[wdmaudiodev] Re: Multi-channel audio USB driver development

  • From: Tim Roberts <timr@xxxxxxxxx>
  • To: "wdmaudiodev@xxxxxxxxxxxxx" <wdmaudiodev@xxxxxxxxxxxxx>
  • Date: Thu, 1 Jul 2010 09:57:25 -0700

A wrapper for what purpose?  I think you're getting tangled in the
terminology here.

DirectKS is a user-mode API that lets applications talk to kernel
streaming drivers without using DirectShow or DirectSound.  An
application that uses DirectKS will be able to talk to any kernel
streaming driver (although it is primarily aimed at audio).  No layers,
no wrappers.  DirectKS **IS** the wrapper.

AVStream is a version of kernel streaming.

> The DDK docs mention that WDMAud.sys performs I/O for the WaveIn / Out
> APIs, so I can use those APIs to send audio directly to the driver kernel?

Only with a very convoluted definition of "directly".  Wdmaud.sys is yet
another layer.  Applications talk to the waveIn/waveOut APIs, which talk
to the user-mode DLL wdmaud.drv, which talks to the kernel driver
wdmaud.sys, which talks to kernel streaming, which eventually gets down
to the kernel streaming driver.  It's certainly not as direct as
DirectKS, and really it's not even as direct as DirectShow.

> However, doesn't this assume that the end user will have ASIO4ALL installed?

The end user doesn't care about this.  What MATTERS is the sophisticated
audio application.  That's what all of this is about.  It's the
APPLICATION that decides how it's going to talk to the audio hardware. 
If the user is doing nothing more than listening to Lady Gaga using
Windows Media Player, then all of this discussion is utterly pointless. 
Media Player uses DirectShow and/or DirectSound.  That API already
exists.  Nothing you do will impact that.

When you talk about providing low-latency audio, you are talking about
providing special services for specific applications.  It is those
applications you need to satisfy.  If those applications are talking to
ASIO, then there has to be an ASIO provider.

> What if I want my hardware to operate independently of ASIO4ALL, then
> I need to write a "wrapper" driver similar to ASIO4ALL, as mentioned above?

This doesn't make sense.  Independently, your hardware is a useless pile
of silicon and gold.  The only way your hardware provides any benefit to
the world is by providing services to audio applications.  Those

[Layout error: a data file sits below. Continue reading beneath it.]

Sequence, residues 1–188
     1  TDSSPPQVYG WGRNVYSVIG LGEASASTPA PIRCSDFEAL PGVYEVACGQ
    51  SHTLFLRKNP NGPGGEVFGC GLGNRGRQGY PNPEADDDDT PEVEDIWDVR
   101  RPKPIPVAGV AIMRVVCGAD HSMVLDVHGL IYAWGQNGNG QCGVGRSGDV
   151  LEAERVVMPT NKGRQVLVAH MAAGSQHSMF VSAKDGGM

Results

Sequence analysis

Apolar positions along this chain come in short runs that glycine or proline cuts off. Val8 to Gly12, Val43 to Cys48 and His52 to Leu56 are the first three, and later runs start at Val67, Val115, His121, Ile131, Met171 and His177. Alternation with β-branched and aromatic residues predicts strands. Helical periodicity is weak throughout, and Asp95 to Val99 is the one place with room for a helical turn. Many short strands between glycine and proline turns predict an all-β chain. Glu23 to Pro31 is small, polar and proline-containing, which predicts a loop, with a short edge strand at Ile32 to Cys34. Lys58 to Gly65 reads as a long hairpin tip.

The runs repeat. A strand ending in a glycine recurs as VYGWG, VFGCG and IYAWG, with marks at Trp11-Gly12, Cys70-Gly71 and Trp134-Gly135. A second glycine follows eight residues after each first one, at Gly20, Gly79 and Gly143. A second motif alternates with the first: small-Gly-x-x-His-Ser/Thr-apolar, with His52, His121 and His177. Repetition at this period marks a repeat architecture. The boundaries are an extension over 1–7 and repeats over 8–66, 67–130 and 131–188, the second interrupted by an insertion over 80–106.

applications are already using certain APIs.  Your mission, should you
choose to accept it, is to make sure you support those APIs.

Could you invent your own low-latency API to talk to your hardware? 
Sure you could, but who would use it?  You're never going to convince
mplayer and gstreamer and Audacity and Nero and Cubase all the other
mondo cool applications to expend the effort to write to your API.  And
if you are writing a LAYER to convert ASIO to your ultra-cool API, then
your API is just getting in the way.  Just let ASIO talk to KS.  It can
do that already.

>> USB audio device manufacturers don't write drivers.
> Really? Even in the absence of an ASIO4ALL driver on the users PC?
> What about for pro-audio products, which is what I am developing for?
> For example this company provides their own USB drivers:
> http://www.esi-audio.com/

Their device is not USB Audio Class Compliant.  I don't know whether
they found the class too limiting, or just decided they wanted to go it
on their own.  Yes, they have a full-fledged port class kernel streaming
driver, plus a custom driver that talks to their custom ASIO provider.

>> Up to this point, you have not defined what "low latency" means to you.
> I'm estimating about 20ms.

The standard USB Audio Class driver meets that requirement that without
even breaking a sweat.  Seriously, if that's your requirement, just
forget all of this magic and let the standard system components do what
they are designed to do.  With DirectKS, an application can reduce the
latency to 4ms, still using nothing but standard system components.

> Could you recommend the most sensible way to approach writing for multiple OS,
> namely Win2K, XP, Vista, 7? I would like to re-use as much code as possible.
> Do you think 6 months is a reasonable estimate for development time?

I still don't think you need to write a driver at all.

A single AVStream driver will work just fine in all of the systems you
mention.  In fact, it will even work in Windows 98, if you install
DirectX 8.

If you do stubbornly decide you need to write a driver, 6 months is a
reasonable estimate, but I suspect you're wasting your time.

Tim Roberts, timr@xxxxxxxxx
Providenza & Boekelheide, Inc.


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